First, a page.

10 human rights risks to supply chains in 2016
Brands will need to be aware of an increase in the scrutiny of supply chains in 2016, the report notes
Modern slavery, a lack of information on labour practices deep within the supply chain, and inadequate oversight of suppliers are among the biggest threats to brand reputation in 2016, a new report has revealed.
The Human Rights Outlook 2016, published by risk advisory firm Verisk Maplecroft, identifies the main emerging risk areas for companies with global supply chains. In particular it highlights the unethical recruitment of migrants as one of the most pressing reputational challenges facing companies in the year ahead.
According to the report, the issue is rising in prominence thanks to new mandatory reporting requirements from legislation such as the UK's Modern Slavery Act, alongside ever greater public scrutiny of supply chains. The report also recognises Europe's migration crisis as the key emerging driver of incidents of forced labour within the region.
Verisk Maplecroft's human rights report identifies labour brokers as playing a central role in perpetuating modern slavery through the exploitation of migrants. Ethical recruitment, it says, is one of the key challenges business will have to address this year.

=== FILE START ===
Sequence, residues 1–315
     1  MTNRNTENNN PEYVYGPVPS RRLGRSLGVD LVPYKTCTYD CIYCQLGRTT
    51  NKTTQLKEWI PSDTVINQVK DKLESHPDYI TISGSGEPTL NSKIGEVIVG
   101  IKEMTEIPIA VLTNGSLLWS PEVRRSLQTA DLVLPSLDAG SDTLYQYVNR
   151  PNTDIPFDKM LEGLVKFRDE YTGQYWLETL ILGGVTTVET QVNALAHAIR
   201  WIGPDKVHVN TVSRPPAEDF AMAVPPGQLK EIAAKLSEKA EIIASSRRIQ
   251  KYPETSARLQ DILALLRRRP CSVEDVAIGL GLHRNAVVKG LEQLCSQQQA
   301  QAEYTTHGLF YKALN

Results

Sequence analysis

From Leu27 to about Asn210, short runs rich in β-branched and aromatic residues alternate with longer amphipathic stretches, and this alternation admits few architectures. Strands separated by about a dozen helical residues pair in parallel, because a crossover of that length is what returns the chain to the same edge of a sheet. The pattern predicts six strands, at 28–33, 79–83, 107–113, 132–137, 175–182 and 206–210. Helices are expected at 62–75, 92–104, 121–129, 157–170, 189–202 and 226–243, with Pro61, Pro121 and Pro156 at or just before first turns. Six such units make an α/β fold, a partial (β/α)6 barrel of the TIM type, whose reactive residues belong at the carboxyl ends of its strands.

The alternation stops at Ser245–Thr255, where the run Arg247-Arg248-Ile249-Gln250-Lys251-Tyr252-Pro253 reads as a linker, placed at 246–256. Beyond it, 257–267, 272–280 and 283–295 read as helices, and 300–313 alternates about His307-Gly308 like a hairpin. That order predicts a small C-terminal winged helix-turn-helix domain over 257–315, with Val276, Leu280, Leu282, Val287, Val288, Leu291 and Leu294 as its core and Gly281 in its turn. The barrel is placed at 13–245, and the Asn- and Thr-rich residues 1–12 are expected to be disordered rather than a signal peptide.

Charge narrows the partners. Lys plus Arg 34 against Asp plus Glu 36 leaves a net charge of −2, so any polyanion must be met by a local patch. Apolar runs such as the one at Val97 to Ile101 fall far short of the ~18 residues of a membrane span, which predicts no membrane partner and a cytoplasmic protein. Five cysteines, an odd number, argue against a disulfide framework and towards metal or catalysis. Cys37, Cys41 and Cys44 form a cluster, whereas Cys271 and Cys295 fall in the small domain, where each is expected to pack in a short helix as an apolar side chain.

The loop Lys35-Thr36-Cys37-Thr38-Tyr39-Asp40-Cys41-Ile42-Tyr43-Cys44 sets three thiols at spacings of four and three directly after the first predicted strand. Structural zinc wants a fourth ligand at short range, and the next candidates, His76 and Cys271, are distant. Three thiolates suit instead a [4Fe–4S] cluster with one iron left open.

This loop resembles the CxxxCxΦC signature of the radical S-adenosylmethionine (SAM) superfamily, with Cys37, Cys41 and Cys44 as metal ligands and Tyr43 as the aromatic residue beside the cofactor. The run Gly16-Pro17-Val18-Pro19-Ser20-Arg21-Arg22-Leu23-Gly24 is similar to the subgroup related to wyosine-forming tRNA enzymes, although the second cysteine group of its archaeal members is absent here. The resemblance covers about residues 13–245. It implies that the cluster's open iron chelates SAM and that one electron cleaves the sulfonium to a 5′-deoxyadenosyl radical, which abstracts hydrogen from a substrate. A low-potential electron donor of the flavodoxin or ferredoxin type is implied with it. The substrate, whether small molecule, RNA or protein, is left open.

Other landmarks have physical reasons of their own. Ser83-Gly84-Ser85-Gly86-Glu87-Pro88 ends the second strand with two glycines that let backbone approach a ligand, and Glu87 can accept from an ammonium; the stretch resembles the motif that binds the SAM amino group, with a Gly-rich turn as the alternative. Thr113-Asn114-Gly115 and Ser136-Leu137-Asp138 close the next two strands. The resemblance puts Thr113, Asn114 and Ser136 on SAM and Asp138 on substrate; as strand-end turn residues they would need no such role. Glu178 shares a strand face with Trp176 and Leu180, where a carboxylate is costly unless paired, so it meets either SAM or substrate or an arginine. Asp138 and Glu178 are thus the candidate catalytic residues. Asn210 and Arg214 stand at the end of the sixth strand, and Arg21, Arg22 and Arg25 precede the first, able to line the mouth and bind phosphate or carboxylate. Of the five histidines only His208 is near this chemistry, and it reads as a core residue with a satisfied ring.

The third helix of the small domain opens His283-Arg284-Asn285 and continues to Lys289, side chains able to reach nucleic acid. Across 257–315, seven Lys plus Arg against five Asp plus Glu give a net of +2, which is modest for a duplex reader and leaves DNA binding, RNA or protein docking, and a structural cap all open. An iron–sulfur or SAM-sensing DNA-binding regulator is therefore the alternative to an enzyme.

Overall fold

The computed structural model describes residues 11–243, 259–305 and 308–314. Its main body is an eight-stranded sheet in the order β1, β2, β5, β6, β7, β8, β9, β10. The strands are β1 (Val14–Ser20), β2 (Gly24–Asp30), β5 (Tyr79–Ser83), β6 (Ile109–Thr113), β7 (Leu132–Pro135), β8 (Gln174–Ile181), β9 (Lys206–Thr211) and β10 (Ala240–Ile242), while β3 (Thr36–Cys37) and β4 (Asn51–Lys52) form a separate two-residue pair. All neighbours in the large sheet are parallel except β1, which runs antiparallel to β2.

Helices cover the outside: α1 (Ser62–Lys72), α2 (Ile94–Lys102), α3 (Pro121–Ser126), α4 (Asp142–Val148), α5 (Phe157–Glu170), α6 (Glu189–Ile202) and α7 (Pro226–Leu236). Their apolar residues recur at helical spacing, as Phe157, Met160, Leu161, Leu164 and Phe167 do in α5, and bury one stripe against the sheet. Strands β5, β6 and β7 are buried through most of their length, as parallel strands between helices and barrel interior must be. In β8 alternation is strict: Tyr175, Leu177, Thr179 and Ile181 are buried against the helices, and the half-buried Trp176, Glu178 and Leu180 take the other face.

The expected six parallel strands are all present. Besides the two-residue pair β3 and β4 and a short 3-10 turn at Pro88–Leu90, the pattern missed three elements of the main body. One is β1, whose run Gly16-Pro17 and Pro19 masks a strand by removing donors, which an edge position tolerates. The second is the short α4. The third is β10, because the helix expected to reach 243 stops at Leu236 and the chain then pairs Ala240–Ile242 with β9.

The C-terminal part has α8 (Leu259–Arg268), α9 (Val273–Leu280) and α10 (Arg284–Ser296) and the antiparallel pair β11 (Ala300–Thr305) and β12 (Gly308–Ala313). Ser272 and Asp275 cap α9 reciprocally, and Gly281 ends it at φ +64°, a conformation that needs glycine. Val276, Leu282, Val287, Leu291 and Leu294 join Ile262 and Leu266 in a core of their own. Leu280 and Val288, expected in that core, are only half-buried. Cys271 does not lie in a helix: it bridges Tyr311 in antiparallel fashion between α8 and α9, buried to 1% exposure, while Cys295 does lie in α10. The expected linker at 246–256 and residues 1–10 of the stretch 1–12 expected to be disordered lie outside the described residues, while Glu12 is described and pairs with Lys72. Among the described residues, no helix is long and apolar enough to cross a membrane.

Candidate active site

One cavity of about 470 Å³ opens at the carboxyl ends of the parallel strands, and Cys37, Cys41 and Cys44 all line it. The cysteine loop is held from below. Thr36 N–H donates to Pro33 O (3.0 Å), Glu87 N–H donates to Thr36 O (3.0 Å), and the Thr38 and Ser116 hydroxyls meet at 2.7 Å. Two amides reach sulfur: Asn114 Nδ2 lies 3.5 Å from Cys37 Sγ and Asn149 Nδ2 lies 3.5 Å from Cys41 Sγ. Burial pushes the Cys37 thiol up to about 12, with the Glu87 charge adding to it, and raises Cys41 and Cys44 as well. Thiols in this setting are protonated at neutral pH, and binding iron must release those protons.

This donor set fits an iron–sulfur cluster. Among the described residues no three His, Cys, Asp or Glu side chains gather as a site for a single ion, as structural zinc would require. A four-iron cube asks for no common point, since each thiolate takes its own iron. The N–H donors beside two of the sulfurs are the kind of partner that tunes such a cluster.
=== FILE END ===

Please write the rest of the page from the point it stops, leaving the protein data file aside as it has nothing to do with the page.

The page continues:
"By charging excessive fees for recruitment and placement, which migrants are unable to repay, unethical brokers are channelling adults into conditions of forced labour," authors note.
Brands will also need to be aware of an increase in the scrutiny of supply chains and benchmarking of human rights in 2016 as part of a wider shift from voluntary to mandatory reporting of human rights due diligence, which has begun with conflict minerals and modern slavery.
"The risks for business are amplified by increasing public scrutiny of unmapped tiers of the supply chain and benchmarking of company human rights performance," says Dr Alexandra Channer, principal human rights analyst at Verisk Maplecroft. "Damage to hard earned brand equity, consumer backlash, and divestment by ethically focused investors pose real threats to companies who are found to be knowingly or unknowingly complicit in abuses."